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Thursday, 18 August 2011
Page: 8643


Ms SMYTH (La Trobe) (10:33): I am pleased to support the Industrial Chemicals (Notification and Assessment) Amendment (Inventory) Bill 2011. The bill amends the Industrial Chemicals (Notification and Assessment) Act 1989, which established a national system of notification and assessment of industrial chemicals used in Australia. The National Industrial Chemicals Notification and Assessment Scheme administer the act, and the activities of NICNAS underpin essential advice to other government agencies which make up Australia's regulatory system for industrial chemicals. The bill underpins the completion of the cosmetic regulatory reforms which were largely implemented in 2007. It completes the reforms to the cosmetic therapeutic interface and it puts in place significant technical changes to enhance the administration and efficiency of the industrial chemical scheme's assessment processes.

In 2007, to facilitate the transfer regulatory responsibility for certain low-risk cosmetic products from the Therapeutic Goods Administration to NICNAS, the NICNAS cosmetics standard was introduced. The standard enables NICNAS to set standards for certain cosmetics and impose penalties for noncompliance. However, a mechanism to transfer the chemicals in these cosmetic products from the TGA to the Australian Inventory of Chemical Substances was not developed. This bill establishes that mechanism, allowing the transfer of these chemicals to AICS as well as enabling NICNAS to legally impose the same controls that had previously been applied by the TGA. The transfer process will be open and transparent, with any proposal to transfer a chemical onto the inventory being published by the director of NICNAS, with this also open to review by the Administrative Appeals Tribunal. In the absence of any transfer mechanisms some introducers of chemicals have had to meet the more stringent requirements of the new chemicals framework with the associated notification and assessment costs or reporting obligations.

The bill also includes technical amendments to the act in relation to NICNAS's assessment processes. The act currently requires the director of NICNAS to prepare and publish separate summary reports for all of the organisation's chemical assessment reports. This practice was introduced at a time when the full assessment report had to be purchased and was only available in paper form. However, NICNAS now publishes the full public report on its website for all interested parties to download free of charge. To facilitate public access to these reports, NICNAS will also publish a short notice outlining the key content of new assessment reports in the Chemical Gazettewith a link to those reports. The bill also includes technical amendments to the act's schedule to improve the consistency of Australia's data requirements with other national and international assessment schemes, particularly those requirements that apply to UV filters in cosmetics.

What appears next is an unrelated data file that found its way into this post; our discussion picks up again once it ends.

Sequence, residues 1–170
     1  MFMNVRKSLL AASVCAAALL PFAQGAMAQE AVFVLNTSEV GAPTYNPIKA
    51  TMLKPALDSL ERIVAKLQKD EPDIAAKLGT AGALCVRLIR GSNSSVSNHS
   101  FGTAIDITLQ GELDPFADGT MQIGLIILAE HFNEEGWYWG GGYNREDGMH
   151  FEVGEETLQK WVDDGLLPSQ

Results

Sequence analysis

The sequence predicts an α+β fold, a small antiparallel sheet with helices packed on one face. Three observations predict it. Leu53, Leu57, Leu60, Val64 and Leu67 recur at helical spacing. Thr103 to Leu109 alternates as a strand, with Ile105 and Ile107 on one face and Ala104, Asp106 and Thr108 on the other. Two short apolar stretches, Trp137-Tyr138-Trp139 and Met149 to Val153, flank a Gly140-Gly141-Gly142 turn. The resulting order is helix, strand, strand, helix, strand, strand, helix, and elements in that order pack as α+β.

The cosmetics reforms in 2007 included the transfer of regulatory responsibility for secondary sunscreen products which are applied to the skin—for example, moisturisers containing a sunscreening chemical. NICNAS has assessed the UV filter chemicals in these products by requesting on a case-by-case basis the additional data required for sunscreens under the TGA. The bill allows the more efficient collection of data by creating a new section in the schedule of data requirements, including requirements specific to UV filters. The intent of this amendment to the schedule is to formalise current arrangements and maintain a consistent approach to the assessment of these chemicals across regulatory schemes. The proposed amendments will not place any significant additional requirements on the industrial chemicals industry, contrary to the remarks of the previous speaker. The bill has been developed in consultation with stakeholders and as a result of the collaborative approach adopted by the government, industry and the community. The amendments enable NICNAS to regulate chemicals transferred from other agencies and to ensure consistent data requirements and administrative processes to provide a much more efficient process and maintain transparency.

These amendments deliver on the Gillard government's commitment to ensure the most efficient regulatory system is in place for industrial chemicals while maintaining existing levels of worker safety, public health and environmental standards. I commend the bill to the House.